How to Put Out Charcoal Grill? A Detailed Tutorial

Whether you want to grill, smoke or barbecue, a charcoal grill is outright the best to infuse the much-coveted smoky aroma in food. However, unlike the gas grill where you can instantly turn off the burners, the charcoal grill requires a little effort to extinguish. Scroll down to know how to put out charcoal grill and why you should spend time snuffing out the fire.    

5 Reasons Why You Should Never Avoid Extinguishing Your Charcoal Grill 

Leaving the hot charcoal unchecked can bring about the following potential hazards: 

  1. A grill with no one stationed around is commonly assumed as an unused and cold grill. Anyone passing by may happen to touch it. Or the children playing in the backyard may plan to look into the grill. This can lead to severe burns.  
  2. The burning coals can spill out of the grill if someone or an animal knocks it over. The scorching coals can light up grass, wood decking or other stuff. Consequently, this can become the reason behind triggering a serious fire. 
  3. If you are an environmental enthusiast, you must be aware that burning coal has a contribution to greenhouse gases. So, leaving them unextinguished means your grill will be releasing carbon monoxide and carbon dioxide in the air, that too without any purpose. 
  4. Charcoal tends to retain heat for as long as 24 hours or more. Even if you can’t trace any glow in them, don’t assume that they are safe to dump directly. Remember that it takes only an ember to start a fire.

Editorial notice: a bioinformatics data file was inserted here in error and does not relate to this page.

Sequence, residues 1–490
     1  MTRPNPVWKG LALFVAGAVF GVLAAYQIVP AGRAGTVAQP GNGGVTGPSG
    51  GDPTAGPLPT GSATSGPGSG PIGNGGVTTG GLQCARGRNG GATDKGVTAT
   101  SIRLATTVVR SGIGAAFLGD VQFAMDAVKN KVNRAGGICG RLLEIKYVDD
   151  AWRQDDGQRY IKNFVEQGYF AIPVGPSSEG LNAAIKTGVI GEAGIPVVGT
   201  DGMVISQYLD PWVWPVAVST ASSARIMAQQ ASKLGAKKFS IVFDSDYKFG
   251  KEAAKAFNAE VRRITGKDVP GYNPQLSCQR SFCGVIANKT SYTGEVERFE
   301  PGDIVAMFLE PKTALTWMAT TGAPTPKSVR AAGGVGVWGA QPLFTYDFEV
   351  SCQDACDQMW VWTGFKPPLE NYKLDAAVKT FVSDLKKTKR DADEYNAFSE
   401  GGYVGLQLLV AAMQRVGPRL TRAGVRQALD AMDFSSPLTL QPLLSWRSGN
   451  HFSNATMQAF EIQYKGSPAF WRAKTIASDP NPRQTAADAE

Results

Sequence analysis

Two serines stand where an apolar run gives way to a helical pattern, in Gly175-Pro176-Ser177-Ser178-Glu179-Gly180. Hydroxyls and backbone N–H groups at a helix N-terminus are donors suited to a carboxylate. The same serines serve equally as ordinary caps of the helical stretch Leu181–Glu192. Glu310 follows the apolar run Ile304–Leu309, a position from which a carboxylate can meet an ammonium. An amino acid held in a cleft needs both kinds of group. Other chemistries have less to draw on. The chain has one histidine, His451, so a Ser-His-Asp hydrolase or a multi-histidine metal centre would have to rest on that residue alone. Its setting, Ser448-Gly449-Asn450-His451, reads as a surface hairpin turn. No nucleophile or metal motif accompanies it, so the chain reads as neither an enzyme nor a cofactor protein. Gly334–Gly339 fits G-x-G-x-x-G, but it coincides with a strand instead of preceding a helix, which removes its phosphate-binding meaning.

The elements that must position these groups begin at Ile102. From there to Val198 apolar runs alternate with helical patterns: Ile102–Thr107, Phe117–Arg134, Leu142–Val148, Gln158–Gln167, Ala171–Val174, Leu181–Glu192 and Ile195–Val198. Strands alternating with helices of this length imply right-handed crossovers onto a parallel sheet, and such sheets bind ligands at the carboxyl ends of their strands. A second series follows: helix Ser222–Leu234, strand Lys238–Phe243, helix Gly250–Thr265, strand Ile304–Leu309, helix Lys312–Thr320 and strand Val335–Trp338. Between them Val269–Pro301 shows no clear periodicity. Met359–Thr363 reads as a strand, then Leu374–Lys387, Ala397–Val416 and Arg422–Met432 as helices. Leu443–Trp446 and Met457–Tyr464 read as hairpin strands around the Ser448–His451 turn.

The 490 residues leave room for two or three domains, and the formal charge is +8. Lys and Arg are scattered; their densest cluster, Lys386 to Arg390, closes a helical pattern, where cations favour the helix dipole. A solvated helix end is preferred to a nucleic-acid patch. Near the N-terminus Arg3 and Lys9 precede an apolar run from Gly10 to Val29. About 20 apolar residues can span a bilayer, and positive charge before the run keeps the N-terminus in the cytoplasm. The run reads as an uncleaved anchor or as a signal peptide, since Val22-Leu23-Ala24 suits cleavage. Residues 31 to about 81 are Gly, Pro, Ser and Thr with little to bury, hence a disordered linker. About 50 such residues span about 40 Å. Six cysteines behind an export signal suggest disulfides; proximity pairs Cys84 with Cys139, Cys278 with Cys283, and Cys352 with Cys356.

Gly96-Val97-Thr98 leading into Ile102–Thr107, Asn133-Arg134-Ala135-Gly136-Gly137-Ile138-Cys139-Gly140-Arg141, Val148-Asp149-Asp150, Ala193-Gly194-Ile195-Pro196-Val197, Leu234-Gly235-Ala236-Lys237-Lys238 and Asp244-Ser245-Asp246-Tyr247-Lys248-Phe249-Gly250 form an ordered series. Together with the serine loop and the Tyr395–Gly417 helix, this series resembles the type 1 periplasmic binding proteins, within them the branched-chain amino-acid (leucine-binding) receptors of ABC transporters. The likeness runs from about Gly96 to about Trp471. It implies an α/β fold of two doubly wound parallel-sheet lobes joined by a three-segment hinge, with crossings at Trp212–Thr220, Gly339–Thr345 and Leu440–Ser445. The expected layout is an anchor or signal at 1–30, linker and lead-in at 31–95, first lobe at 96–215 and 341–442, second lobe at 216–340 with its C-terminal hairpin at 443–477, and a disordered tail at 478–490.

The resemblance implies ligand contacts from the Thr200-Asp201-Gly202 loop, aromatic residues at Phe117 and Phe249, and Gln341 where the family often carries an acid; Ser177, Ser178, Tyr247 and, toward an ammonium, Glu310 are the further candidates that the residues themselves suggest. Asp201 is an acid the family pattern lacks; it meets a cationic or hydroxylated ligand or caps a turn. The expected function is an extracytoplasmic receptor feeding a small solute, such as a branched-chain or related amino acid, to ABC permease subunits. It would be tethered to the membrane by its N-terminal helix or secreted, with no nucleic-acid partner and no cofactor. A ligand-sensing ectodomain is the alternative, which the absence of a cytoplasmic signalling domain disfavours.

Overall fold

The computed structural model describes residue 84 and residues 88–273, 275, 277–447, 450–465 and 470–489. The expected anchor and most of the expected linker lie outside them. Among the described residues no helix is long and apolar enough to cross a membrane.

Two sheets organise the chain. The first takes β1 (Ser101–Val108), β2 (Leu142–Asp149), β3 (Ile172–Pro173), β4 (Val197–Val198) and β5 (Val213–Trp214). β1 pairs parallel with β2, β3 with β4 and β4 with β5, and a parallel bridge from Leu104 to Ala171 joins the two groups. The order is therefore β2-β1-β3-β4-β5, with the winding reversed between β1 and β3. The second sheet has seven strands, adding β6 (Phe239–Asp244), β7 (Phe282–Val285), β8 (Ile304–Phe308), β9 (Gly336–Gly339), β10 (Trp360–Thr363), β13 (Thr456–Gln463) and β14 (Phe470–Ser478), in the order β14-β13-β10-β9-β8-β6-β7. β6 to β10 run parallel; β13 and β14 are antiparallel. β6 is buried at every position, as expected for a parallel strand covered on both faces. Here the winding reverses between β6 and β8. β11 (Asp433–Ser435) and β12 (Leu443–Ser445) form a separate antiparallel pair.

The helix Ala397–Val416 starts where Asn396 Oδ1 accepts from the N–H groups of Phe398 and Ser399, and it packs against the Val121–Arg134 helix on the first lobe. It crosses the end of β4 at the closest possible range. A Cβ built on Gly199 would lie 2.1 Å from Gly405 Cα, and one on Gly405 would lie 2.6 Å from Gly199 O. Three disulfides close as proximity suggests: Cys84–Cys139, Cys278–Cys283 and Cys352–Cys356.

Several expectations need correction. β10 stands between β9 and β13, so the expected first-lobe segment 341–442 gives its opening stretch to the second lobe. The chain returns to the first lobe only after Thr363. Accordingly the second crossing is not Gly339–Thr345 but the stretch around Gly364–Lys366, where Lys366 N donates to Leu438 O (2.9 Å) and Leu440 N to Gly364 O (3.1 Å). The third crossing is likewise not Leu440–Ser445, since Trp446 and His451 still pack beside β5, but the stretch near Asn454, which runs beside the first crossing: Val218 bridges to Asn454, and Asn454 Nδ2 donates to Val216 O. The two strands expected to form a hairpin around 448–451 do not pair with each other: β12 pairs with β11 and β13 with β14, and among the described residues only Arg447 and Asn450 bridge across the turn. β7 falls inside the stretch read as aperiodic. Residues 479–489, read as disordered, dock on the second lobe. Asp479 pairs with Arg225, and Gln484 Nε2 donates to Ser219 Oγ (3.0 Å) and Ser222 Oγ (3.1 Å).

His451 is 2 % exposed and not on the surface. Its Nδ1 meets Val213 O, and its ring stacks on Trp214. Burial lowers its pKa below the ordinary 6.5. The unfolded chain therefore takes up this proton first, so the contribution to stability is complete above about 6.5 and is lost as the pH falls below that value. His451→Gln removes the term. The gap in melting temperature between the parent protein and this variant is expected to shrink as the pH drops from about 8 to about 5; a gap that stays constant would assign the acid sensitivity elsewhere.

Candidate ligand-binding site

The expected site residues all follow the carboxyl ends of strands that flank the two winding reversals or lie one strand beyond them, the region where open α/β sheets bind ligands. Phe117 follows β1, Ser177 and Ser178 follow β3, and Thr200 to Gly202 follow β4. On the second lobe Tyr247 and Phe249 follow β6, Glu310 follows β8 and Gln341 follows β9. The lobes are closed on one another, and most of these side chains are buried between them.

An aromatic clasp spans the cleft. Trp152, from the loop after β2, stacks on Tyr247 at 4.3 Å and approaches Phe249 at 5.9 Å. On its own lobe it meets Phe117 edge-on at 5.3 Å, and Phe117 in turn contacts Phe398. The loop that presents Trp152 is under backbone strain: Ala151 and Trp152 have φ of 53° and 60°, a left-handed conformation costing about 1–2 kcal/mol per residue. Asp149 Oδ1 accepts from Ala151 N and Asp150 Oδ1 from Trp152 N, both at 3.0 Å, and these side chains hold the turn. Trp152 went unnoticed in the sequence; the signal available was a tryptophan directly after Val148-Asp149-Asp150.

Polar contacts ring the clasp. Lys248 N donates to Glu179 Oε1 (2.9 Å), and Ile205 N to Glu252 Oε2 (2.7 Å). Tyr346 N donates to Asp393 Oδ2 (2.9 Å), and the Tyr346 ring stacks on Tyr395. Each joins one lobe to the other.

5. You are probably not using your grill for the last time. This means you will be requiring coal in the future as well. Why waste extra money in buying new ones? Pull the unburnt ones out and recycle them later. 

How to Put Out Charcoal Grill – Step-by-Step Guide 

Though there are multiple ideas for extinguishing the charcoal grill, we know you won’t wish to go through a grueling cleaning session after snuffing out briquettes. 

So, here’s a safer yet cleaner extinguishing guide: 

Step 1: Block the Oxygen Sources

Fire requires oxygen to stay alive. Hence, restricting access to air is the first thing to limit heat generation. Do this by placing the lid on the grill and closing all vents (top and bottom). The charcoal will automatically suffocate after all the air present in the grill is burned. 

Step 2: Let the Grill Cool Down 

Leave your grill for around 4-8 hours or until the embers have died and it has cooled. Since it’s a long procedure, make sure you place the grill out of everyone’s way or block it off. 

Step 3: Dispose of the Ash and Spent Coal

Some grills have an ash dump at the bottom. If yours has one, utilize it to clean out as much ash as possible. Collect the ash in a metal container. Take a metal scooper and scoop out the leftover ash and spent coal from the base. 

Experts also recommend collecting and wrapping the used coal and ash in an aluminum foil sheet. Dumping them this way in a metal container leaves behind almost no chance of starting fires. 

Step 4: Separate the Unburnt Charcoal 

Before disposing of the charcoal in the trash can, look out for the lumps or briquettes that can be used again. Pull them using tongs and toss them back into the grill. If you have a fireproof container, store the leftover charcoal in it.